September 16, 2010 at 5:03PM, Edited September 4, 10:54AM

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Rob

Couldn't agree more, Rob. That's why you don't see a whole lot of short technical videos from me out there -- I'm off writing.

September 16, 2010 at 6:49PM, Edited September 4, 10:54AM

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Ryan Koo
Founder
Writer/Director

from what I see on those videos, I think aliasing is still there, but rolling shutter is mostly gone (I think those rotating windmills would look worse on a canon, and horrible on any different nikon, including D3100)

the bitrate could be the problem here: from the maximum recording times, it seems like it's about half of that on the canons, so even if nikon doesn't use a horrybly poor H.264 encoder such as the one on canon DSLRs, it could prove to be too low

September 17, 2010 at 4:05AM, Edited September 4, 10:54AM

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Hi Koo,

First of all congrats for the amazing job!

I have a Nikon D7000 and for the first time went to Barcelona´s main street to shoot some movies (my first!). Here is the result: http://www.youtube.com/watch?v=at8WpvOTL_0

Final video is far from what I was expecting:
- stutters, has lines all around, shakes a lot)
- Footage looks much better and rocky stable when seen on camera screen

I am almost sure it has to be with the way I imported footage as my comp is quite new (not YET a Hackinstosh...) and videos are perfect viewed on the Nikon D7000.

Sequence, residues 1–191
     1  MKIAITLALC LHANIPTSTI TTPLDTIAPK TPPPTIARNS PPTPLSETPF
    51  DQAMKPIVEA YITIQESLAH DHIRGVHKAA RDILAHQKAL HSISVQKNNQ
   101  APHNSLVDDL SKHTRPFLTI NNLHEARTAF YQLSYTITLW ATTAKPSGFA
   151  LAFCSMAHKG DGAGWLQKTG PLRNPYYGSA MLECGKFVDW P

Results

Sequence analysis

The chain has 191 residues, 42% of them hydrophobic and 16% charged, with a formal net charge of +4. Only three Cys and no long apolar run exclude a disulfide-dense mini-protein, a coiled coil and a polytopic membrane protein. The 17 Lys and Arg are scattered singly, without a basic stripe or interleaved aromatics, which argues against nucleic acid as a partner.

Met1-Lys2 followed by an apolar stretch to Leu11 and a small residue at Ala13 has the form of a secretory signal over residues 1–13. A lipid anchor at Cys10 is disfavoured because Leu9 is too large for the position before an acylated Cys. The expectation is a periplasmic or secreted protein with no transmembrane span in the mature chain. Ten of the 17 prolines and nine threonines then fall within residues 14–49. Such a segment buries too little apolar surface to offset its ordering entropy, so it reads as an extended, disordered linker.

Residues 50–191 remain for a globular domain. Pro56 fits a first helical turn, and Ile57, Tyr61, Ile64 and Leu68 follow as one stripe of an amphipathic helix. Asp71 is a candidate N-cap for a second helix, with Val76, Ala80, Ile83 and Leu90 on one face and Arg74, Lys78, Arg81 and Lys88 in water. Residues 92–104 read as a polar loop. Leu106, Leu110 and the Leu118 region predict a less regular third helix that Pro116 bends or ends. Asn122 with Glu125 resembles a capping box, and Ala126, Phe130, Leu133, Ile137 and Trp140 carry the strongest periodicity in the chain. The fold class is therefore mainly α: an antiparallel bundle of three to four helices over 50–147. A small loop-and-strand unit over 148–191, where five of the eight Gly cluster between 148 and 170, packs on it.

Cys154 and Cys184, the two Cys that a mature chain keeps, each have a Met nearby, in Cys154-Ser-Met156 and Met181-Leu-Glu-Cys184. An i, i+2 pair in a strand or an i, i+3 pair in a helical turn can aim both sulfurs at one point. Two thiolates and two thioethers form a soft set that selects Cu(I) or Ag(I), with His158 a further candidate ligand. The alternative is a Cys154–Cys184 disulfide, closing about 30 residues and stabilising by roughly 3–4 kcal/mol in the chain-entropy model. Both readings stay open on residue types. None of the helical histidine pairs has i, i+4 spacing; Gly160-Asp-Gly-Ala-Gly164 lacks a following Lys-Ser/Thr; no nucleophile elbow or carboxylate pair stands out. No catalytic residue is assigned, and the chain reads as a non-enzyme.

Important info:
- Recorded at 1920 x 1080 24 fps high quality
- Lens: Nikkor 18 - 105 VR set at A mode most of the time, using auto focus
- Footage imported direct from camera to file archive and then into Adobe Premiere CS5
- Exported as wmp 1920 x 1080 24 fps
- Same issues when exporting as h.264

- Computer specs: Gigabyte Motherboard GA-X58A-UD3R, Intel i/ Quad-Core processor, Gigabyte ATI Radeon HD 5770 GPU, SSD 60, Western Digital 1T 32, Sony DVD recorder

Where am I doing wrong? Thank you A LOT!

February 28, 2011 at 1:40PM, Edited September 4, 10:54AM

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Miguel

Agree with you folks on a lot of this stuff. Lucky I started off as a writer; then film school in screenwriting; then selling low, low budget specs...and crewing at the same time. You really do get to learn both sides. As I'm directing my first feature based on a trailer for some investors; I'm also finishing up another spec; doing 2 rewrites and an outline for a new spec. Thank God I started off writing short fiction first; read a good amount of plays before graduate film school...but I got most of my education from watching a lot of movies and reading a lot of books. And then just enjoying the blank page to fill it up. I've seen a lot of slick-looking stuff lately, but there is just an emptiness of story and characters. Not every movie has to be LAWRENCE OF ARABIA. I love film noir; tragic stories with flawed characters...as well as great popcorn and foreign movies. But it will always be about the story...and not the lens I look through. Cracked or otherwise.

September 29, 2011 at 9:46PM, Edited September 4, 10:54AM

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MARK GEORGEFF